1. Before dawn, compute the time of morning twilight and plot the dead reckoning position for that time.
2. At morning twilight, take and reduce celestial observations for a fix. At sunrise take an amplitude of the Sun for a compass check.
3. Mid-morning, wind the chronometer and determine chronometer error with a radio time tick.
4. Mid-morning, reduce a Sun sight for a morning Sun line.
5. Calculate an azimuth of the Sun for a compass check, if no amplitude was taken at sunrise.
6. At LAN, obtain a Sun line and advance the morning Sun line for the noon fix. Compute a longitude determined at LAN for an additional LOP.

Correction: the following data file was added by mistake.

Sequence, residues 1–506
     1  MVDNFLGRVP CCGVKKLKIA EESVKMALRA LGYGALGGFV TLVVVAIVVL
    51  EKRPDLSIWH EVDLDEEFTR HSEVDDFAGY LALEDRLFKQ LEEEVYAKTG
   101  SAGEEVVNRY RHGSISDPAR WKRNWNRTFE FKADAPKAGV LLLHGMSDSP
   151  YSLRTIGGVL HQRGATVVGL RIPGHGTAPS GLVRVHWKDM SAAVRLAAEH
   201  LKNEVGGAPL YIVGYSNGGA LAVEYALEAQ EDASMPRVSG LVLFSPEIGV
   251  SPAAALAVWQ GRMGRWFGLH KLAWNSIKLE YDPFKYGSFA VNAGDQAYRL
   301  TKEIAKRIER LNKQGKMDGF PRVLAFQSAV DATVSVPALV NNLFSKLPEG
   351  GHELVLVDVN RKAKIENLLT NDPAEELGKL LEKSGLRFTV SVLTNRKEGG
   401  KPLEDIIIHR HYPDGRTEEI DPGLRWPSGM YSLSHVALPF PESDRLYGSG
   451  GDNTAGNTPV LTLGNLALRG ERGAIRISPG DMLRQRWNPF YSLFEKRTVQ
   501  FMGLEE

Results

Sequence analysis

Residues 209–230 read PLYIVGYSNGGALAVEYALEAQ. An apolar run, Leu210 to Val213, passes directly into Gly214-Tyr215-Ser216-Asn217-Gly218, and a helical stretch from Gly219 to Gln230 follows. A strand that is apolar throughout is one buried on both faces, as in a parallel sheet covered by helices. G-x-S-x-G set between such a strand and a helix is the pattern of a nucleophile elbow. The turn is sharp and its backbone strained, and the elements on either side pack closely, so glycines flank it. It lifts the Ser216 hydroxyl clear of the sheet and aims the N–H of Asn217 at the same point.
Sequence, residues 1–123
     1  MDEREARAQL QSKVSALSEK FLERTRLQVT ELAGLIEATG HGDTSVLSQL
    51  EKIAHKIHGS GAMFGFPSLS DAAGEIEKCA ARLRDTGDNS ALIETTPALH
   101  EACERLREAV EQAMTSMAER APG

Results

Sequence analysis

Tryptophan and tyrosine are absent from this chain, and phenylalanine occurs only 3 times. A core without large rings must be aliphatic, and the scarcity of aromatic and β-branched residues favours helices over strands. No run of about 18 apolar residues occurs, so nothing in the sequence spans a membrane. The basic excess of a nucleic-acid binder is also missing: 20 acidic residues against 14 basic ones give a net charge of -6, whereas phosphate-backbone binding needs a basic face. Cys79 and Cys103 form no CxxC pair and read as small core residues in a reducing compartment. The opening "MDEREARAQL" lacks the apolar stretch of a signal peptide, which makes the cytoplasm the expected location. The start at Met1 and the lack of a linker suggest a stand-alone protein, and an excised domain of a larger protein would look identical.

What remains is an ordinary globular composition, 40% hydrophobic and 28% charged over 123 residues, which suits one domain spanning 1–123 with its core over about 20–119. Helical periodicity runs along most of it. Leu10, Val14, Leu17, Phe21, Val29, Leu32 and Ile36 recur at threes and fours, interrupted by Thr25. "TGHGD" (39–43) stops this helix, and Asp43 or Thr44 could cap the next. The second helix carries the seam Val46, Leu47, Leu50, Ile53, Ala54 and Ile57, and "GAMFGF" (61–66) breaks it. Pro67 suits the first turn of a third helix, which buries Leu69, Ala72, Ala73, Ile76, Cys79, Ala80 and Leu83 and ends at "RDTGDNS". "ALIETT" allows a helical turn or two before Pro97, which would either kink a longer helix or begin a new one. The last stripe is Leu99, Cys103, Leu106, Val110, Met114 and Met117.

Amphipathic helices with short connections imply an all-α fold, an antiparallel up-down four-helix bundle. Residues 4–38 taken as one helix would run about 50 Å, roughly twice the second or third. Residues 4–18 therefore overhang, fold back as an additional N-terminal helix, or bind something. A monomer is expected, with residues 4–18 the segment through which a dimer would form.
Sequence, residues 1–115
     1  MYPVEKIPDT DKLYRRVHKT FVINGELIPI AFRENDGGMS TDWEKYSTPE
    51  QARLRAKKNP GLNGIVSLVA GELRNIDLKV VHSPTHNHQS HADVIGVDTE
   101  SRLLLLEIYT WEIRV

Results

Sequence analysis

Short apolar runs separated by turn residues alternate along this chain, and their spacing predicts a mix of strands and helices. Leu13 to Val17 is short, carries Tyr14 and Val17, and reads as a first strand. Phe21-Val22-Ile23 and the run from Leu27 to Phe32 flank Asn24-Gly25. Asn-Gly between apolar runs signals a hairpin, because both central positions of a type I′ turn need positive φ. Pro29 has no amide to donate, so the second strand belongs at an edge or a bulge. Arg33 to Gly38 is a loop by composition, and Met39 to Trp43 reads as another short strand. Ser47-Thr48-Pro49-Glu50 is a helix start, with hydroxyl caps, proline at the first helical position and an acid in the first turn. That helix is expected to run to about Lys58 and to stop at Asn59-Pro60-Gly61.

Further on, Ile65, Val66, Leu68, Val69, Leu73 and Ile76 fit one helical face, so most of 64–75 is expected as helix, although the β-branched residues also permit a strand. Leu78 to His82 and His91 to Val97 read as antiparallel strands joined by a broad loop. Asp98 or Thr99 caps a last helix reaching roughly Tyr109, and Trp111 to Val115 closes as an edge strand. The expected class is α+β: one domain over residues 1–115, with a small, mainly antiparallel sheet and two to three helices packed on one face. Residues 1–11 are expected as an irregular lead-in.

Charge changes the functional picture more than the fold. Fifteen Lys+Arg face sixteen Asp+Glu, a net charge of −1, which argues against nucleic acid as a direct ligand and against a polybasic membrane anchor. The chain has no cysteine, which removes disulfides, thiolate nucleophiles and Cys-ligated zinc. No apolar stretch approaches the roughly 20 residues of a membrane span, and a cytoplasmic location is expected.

7. Mid afternoon, again take and reduce a Sun sight. This is primarily for use with an advanced noon Sun line, or with a Moon or Venus line if the skies are overcast during evening twilight.
8. Calculate an azimuth of the Sun for a compass check at about the same time as the afternoon Sun observation. The navigator may replace this azimuth with an amplitude observation at sunset.
9. During evening twilight, reduce celestial observations for a fix.
10. Be alert at all times for the moon or brighter planets which may be visible during daylight hours for additional LOP’s, and Polaris at twilight for a latitude line.
Chapter 7, Chapter 17, and Chapter 20 contain detailed explanations of the procedures required to carry out the various functions of this routine.